Saturday, 5 October 2019

RetroChallenge 2019/10: Akalabeth Updates

Bug Chasing

I have been debugging my initial attempt to port of Akalabeth to MC-10 equipped with MCX.  I found a number of bugs I had put into the code, and possibly one that is from the original program.

The first bug that I discovered that was my fault was that I missed putting a few 1s at the end of LINE commands. In MS Basic for the MSX standard, you can leave off a number for the color of lines to be drawn by the LINE command. If it is left off the default color set by a COLOR command is used.  But with the Extended Color Basic of the MCX you have to supply either a color number or PSET or PRESET.  PSET is the way to designate the default color, PRESET provides the default background color.  So I had to add lots of 1s to all the LINE commands, and there are lots of them, so I missed a few in my initial edit.

I also found a place where I hadn't replaced a PRINT command with a call to my hires text routine.  When MCX BASIC hits a PRINT command while in hires mode it automatically bumps you out of hires and back into text mode.  This is different from regular extended basic, which can just print the text to the text screen, which is kept in a separate place in memory.  This happened in the Magic Amulet routine when you choose the BAD option and get turned into a Toad rather than a Lizard Man. You'd be switched to text mode and the message "You have been turned into a toad" would be printed on the text screen.  I fixed that problem.

I also noticed that I was down to only 240 bytes after all the main variables had been DIMed and the program had run through most of its routines.  So I decided to trim the program down a little more by consolidating a few more lines using colons and switching a few main array variables from two character long variable names to singles.  Now the DN() and TR()--dungeon and terrain variables are just D() and T().  I also changed the Stats to just three character shorthand (STR/INT/WIS/STA etc.).  This not only saves memory but provides more space on the setup screen, as I realized that Stats and Items can rise to the level of 3 digits, if not more.  Now there should be space for up to five digits for items and stats.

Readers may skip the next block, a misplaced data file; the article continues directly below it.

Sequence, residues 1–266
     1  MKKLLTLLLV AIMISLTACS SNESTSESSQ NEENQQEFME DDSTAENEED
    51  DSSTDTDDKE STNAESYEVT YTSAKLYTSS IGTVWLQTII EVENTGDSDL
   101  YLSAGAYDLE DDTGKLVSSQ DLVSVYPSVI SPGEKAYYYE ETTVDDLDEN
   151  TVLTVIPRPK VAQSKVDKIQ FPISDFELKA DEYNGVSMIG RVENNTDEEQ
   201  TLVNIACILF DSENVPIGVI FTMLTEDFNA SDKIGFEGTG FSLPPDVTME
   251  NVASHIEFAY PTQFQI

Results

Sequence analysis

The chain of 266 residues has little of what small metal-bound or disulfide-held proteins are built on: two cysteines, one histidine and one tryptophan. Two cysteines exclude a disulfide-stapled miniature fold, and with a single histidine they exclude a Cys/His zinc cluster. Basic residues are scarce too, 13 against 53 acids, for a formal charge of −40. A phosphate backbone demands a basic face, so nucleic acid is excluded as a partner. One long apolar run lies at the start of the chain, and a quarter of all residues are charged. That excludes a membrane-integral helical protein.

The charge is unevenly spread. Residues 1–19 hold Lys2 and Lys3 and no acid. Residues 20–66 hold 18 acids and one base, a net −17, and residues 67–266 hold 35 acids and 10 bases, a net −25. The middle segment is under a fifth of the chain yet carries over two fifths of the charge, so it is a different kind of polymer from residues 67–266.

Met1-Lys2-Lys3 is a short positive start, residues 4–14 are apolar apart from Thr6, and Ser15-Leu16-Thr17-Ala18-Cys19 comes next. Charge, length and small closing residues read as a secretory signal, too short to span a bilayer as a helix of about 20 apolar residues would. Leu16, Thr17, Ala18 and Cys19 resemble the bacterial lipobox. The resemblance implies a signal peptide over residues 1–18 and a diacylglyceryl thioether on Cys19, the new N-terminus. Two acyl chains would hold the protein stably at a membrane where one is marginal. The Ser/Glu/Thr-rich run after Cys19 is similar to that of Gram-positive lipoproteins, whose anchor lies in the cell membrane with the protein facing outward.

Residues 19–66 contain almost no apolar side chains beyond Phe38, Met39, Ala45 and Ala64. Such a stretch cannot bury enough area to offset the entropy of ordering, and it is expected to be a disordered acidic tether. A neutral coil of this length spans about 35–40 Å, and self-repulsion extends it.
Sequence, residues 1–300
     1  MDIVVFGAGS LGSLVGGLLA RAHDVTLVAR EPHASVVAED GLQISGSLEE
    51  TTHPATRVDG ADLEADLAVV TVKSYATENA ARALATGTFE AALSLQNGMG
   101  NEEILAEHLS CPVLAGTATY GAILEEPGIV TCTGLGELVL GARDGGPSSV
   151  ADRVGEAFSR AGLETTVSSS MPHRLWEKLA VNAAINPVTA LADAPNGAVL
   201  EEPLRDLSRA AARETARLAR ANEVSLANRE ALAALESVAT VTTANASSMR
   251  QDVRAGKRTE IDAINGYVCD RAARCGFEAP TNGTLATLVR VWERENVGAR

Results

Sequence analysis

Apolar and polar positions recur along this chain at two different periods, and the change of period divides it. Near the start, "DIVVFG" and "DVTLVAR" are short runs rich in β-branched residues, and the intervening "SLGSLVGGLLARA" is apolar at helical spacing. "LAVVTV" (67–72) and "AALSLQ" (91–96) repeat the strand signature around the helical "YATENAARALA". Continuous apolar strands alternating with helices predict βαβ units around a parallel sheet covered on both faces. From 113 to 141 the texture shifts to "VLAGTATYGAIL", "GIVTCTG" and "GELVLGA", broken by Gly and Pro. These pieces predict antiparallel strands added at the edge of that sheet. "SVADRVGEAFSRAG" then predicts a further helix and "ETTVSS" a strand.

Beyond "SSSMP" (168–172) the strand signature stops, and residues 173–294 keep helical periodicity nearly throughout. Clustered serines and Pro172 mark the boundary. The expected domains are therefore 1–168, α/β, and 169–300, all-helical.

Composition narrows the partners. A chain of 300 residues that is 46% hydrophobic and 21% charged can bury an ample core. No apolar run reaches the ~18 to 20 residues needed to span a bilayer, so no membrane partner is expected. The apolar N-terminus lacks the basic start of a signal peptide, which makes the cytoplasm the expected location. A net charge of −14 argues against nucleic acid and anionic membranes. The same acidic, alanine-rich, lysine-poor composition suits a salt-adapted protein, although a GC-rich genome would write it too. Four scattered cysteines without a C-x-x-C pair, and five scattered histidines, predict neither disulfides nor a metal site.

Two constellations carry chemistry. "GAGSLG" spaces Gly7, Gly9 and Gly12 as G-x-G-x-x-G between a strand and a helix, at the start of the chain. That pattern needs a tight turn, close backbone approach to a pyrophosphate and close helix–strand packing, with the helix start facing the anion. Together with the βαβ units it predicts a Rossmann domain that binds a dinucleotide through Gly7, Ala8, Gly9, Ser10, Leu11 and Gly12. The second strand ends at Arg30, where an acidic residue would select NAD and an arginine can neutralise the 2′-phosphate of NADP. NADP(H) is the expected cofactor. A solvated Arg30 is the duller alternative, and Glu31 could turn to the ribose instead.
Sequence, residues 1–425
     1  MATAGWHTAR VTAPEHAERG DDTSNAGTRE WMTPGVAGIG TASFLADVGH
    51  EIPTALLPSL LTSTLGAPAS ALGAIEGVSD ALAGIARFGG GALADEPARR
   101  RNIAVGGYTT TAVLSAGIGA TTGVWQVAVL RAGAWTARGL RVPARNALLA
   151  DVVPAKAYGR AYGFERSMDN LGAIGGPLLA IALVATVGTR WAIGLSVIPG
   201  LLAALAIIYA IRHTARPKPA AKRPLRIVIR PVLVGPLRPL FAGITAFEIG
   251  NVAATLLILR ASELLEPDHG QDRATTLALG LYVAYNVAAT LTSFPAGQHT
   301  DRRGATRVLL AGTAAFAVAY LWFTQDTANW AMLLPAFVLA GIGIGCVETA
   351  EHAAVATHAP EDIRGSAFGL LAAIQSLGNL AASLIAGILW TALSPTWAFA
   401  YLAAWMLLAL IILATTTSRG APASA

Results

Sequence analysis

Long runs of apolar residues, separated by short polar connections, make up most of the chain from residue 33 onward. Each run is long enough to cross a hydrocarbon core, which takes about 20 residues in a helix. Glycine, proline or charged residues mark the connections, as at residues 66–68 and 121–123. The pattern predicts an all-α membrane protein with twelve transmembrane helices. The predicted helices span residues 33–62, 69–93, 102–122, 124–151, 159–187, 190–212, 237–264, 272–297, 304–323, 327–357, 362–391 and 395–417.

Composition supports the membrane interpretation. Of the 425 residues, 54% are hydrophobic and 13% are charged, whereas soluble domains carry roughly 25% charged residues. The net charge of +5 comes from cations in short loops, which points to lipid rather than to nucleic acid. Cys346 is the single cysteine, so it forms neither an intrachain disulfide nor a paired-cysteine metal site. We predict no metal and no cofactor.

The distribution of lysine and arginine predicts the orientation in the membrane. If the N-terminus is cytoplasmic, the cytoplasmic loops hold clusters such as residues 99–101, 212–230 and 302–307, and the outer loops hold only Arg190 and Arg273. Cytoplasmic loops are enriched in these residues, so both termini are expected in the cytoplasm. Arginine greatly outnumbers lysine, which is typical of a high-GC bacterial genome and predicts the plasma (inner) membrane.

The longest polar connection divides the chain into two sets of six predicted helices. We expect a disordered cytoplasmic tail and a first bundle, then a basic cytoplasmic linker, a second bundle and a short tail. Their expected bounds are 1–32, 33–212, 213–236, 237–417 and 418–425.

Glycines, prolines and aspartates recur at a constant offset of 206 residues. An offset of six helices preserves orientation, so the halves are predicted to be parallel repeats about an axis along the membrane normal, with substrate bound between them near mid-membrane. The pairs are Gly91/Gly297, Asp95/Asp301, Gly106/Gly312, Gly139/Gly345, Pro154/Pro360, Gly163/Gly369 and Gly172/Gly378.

I found a number of errors with the Pause routine. I also added pauses and clear text window commands in a few places to improve the display of information in the bottom left "Command" window.

I found an interesting website that had playthrough information.  It was really helpful in allowing me to playtest and find some of these bugs:
I turns out there is a bit of trick for getting an easy win.  Just choose the Mage, rather than Fighter, and in the first battles, choose the BAD option of the Magical Amulet, which can possibly turn you into a super powerful lizard man.  If the Bad magic turns you into a Toad, then just re-start.  Using this technique and the high speed setting of the emulator allowed me to play through many attempts at getting down to lower levels to see most of the higher level monster.  This is how I noticed that I had missed putting 1s on a few LINE draw commands.  The high speed option of the VMC10 is really helpful for game testing.

Balrog which only appears at level 8 and deeper
I also sped up the text rendering by switching to using ASC to test component of the array that stores the info to draw the letters rather than using VAL. The text draw data takes the form of numbers 1-9.  Now this triggers references to an array with elements containing DRAW commands with those elements stored using numbers 48-57 rather than 0-9.  The nine drawing elements created a coarse set of letters and numbers from drawing element arranged like this:

|  |  |
2  8  4
|  |  |
|  |  |
1  9  5
|  |  |
This allows me to create characters like this lowercase G:
|  *
8  *
|  *
|  |  *
1  9  *
|  |  *
All I have to do is encode 9 digits for each character, such as the G, as follows: 023456700
As you can see, the 1 location and the 8 and 9 locations are zeros and therefore render blanks.  The others using the ASC code will select for their appropriate draw string (48-57) for rendering that character.  By using ASC to do this I can also use a MID$ command without its length argument, since ASCII just send back the ASCII value of the first character of any string.  So this shaves off a further two characters in the command: From MID$(A$,T,1) to MID$(A$,T).  Every little bit helps and I think the ASC command probably is just faster than VAL command too.  I chose to render letters as lowercase because this seemed to give the most differentiation between letters and also generally used fewer lines. Again, every little bit helps.  Some of them like the K and X are a little abstract, but for the most part they seem basically readable.

A Bug that's not mine?

The bug in the original code that I think I found involves a rare condition in which all your items have been stolen (no weapons) and a thief is attacking and randomly stealing items. The routine for it to randomly select an item stored in your items array simply keeps looping back on itself if it finds an array element that is empty.  But if all the items are empty it just keeps looping back in an infinite search for something for the thief to steal-- freezing program execution and never triggering the "you starved to death" routing that will allow the game to end properly.  I fixed the problem by doing a check that all items aren't empty before allowing the program to proceed to the theft search.

I'm now up to AKALABETH_MCX11.TXT in my Github repository:

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